Santiago de Cali is the capital of Valle del Cauca state in southwest Colombia, located in the inter-Andean valley of the Cauca River. The urban area extends 120.9 km2 approximately at i000 m of elevation and the average temperature is 25 °C. At least ten species of parrots inhabit the city and the population dynamics of these local species have changed during the last two decades due to habitat transformation and introduced species (Naranjo and Estela 1999, Muñoz et al. 2007, Palacio et al. 2017). The presence of a novel species, P. erythrogenys in Santiago de Cali raises the question: What will be the consequences of its introduction for the native parrots and other bird species? We assume that the most probable explanation for its presence in the city is an introduction associated with illegal trade, given that the species is classified as near threatened in its native range due to pet trade (Birdlife International c2018). Moreover, no other records of the species exist between Ibarra in Ecuador and Santiago de Cali in Colombia ( Yet, we cannot rule out the possibility that this species arrived in the city due to the natural movement of some individuals.

Negative impacts of non-native parrots on native biodiversity include competition for nesting sites with native birds and other animal species, damages to natural plants, crops and human facilities, and transmission of diseases (Menchetti and Mori 2014). Despite the increasing number of countries where P. erythrogenys is established and the rapid increase in the number of individuals in these localities, to our knowledge, no studies have assessed the impact of this parakeet on native species. Santiago de Cali seems to have the right conditions for the establishment of a population, and the presence of at least three confirmed individuals increases the probability that the species reproduces locally. Yet, the high diversity of parrots inhabiting in Santiago de Cali in contrast with the low diversity occurring in other countries where the species has settled and flourished may influence the ecological impact of this parakeet.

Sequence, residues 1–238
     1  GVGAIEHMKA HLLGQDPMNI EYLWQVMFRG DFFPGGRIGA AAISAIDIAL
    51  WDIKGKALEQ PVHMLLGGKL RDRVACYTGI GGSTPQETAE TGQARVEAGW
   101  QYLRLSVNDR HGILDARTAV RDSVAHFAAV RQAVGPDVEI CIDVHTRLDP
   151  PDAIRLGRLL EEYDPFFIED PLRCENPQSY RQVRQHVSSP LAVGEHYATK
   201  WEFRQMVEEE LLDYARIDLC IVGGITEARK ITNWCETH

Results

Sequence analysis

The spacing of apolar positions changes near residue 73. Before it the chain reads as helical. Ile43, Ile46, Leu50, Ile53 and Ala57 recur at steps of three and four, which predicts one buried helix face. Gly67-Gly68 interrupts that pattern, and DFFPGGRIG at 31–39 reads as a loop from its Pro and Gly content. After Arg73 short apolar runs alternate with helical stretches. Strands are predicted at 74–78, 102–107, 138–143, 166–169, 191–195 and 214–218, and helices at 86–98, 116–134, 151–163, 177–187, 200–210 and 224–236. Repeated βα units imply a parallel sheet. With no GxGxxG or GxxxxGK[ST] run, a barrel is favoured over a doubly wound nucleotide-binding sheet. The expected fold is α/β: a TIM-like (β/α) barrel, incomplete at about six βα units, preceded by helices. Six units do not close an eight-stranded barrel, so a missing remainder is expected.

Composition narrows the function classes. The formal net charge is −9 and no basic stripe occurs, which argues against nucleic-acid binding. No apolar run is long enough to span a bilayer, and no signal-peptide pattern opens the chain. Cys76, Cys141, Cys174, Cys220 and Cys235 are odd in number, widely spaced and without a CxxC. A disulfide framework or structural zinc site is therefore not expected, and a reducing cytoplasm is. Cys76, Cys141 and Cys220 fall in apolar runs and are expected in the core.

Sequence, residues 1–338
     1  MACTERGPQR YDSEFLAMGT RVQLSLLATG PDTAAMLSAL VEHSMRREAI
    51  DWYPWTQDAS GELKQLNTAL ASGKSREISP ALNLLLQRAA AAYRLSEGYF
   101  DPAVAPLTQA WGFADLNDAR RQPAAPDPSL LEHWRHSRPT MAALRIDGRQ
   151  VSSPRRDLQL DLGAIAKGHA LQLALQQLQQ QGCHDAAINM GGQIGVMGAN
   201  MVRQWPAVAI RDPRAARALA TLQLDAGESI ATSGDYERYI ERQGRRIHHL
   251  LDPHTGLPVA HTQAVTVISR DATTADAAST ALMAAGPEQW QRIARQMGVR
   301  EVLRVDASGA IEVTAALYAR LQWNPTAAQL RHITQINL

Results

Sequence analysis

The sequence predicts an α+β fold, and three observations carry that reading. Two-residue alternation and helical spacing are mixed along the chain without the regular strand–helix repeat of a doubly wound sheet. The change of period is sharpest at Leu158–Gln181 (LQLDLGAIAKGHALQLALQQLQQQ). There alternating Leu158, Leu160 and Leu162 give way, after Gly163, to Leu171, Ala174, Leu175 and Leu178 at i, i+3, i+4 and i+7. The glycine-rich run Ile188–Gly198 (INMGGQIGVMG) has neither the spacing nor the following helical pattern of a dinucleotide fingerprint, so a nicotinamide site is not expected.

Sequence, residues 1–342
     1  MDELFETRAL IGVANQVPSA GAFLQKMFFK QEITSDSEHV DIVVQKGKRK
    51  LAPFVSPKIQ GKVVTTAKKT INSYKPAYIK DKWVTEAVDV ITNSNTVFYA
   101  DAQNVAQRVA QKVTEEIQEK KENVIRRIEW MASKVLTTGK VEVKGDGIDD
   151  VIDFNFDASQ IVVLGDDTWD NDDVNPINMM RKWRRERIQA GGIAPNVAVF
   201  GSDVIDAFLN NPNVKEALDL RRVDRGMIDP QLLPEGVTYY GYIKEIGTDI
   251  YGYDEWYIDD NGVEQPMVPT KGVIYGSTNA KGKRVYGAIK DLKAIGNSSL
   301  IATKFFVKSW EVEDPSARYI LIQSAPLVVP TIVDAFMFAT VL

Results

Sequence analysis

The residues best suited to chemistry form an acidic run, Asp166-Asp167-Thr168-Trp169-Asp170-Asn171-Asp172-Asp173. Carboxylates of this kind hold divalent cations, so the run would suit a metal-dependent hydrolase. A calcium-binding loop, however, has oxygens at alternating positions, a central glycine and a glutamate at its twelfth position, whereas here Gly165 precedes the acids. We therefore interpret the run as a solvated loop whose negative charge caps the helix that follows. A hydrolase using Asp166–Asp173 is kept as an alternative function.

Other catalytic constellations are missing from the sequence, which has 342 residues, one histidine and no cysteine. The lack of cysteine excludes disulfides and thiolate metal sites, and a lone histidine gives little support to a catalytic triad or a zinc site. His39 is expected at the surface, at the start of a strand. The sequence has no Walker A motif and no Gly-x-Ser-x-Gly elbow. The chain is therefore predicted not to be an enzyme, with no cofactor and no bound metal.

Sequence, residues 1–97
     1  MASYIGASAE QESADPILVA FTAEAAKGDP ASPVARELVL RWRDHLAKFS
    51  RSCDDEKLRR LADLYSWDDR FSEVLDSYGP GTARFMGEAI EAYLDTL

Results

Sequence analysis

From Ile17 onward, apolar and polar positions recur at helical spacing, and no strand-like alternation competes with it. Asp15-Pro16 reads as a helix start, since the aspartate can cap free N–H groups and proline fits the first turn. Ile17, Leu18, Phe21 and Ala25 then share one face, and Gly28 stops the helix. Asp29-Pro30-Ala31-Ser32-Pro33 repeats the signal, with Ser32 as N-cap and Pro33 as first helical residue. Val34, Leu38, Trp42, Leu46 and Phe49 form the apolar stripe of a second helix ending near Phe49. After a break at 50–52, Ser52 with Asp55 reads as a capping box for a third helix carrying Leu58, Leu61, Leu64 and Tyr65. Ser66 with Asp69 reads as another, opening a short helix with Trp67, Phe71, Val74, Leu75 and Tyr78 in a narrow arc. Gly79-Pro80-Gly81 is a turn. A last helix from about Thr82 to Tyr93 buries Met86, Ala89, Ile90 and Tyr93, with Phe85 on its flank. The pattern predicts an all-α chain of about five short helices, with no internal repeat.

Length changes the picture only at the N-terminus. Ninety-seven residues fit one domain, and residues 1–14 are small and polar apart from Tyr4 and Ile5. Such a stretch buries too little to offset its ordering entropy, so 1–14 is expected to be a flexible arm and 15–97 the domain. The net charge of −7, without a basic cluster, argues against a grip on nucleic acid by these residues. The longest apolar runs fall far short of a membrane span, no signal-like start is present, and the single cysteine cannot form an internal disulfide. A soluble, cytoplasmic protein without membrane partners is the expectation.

We want to thank G. Cárdenas and F. Estela for sharing their information and thoughts about parrots in Cali. Thanks to F. Estela, D. Eusse, D. Ramírez, and R. Steiner for their comments to this paper.


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Muñoz MC, Fierro-Calderón K, Rivera-Gutiérrez HF. 2007. Las aves del campus de la Universidad del Valle, una isla verde urbana en Cali, Colombia. Ornitol. Colomb. 5(5)5-20. [ Links ]

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Citation: Fierro-Calderón E, Fierro-Calderón K. 2020 First record of Psittacara erythrogenys (Psittacidae) in Colombia. Caldasia 42(2):347-349. doi:

AUTHOR'S CONTRIBUTION KFC recorded the species for the first time; EFC kept track of subsequent records and wrote the first draft of the paper; both authors review and write the final paper.

CONFLICT OF INTEREST The authors declare that they have no conflict of interest.

Received: July 09, 2019; Accepted: October 16, 2019

* Corresponding author:

Creative Commons License Este es un artículo publicado en acceso abierto bajo una licencia Creative Commons